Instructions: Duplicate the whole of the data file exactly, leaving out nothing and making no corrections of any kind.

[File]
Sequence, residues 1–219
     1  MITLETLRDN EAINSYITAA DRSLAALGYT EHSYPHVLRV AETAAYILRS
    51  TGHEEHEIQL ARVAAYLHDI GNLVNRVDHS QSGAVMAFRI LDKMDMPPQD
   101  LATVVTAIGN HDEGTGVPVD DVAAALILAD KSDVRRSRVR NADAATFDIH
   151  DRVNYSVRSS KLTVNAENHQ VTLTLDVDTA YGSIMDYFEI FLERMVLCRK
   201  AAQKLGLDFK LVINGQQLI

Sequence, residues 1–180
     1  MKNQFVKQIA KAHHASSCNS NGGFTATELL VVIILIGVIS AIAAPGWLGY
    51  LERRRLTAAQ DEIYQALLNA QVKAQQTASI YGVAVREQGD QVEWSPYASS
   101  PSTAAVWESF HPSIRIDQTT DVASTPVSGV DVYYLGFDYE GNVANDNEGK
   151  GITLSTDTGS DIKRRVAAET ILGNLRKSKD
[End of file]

Sequence, residues 1–219
     1  MITLETLRDN EAINSYITAA DRSLAALGYT EHSYPHVLRV AETAAYILRS
    51  TGHEEHEIQL ARVAAYLHDI GNLVNRVDHS QSGAVMAFRI LDKMDMPPQD
   101  LATVVTAIGN HDEGTGVPVD DVAAALILAD KSDVRRSRVR NADAATFDIH
   151  DRVNYSVRSS KLTVNAENHQ VTLTLDVDTA YGSIMDYFEI FLERMVLCRK
   201  AAQKLGLDFK LVINGQQLI

Sequence, residues 1–180
     1  MKNQFVKQIA KAHHASSCNS NGGFTATELL VVIILIGVIS AIAAPGWLGY
    51  LERRRLTAAQ DEIYQALLNA QVKAQQTASI YGVAVREQGD QVEWSPYASS
   101  PSTAAVWESF HPSIRIDQTT DVASTPVSGV DVYYLGFDYE GNVANDNEGK
   151  GITLSTDTGS DIKRRVAAET ILGNLRKSKD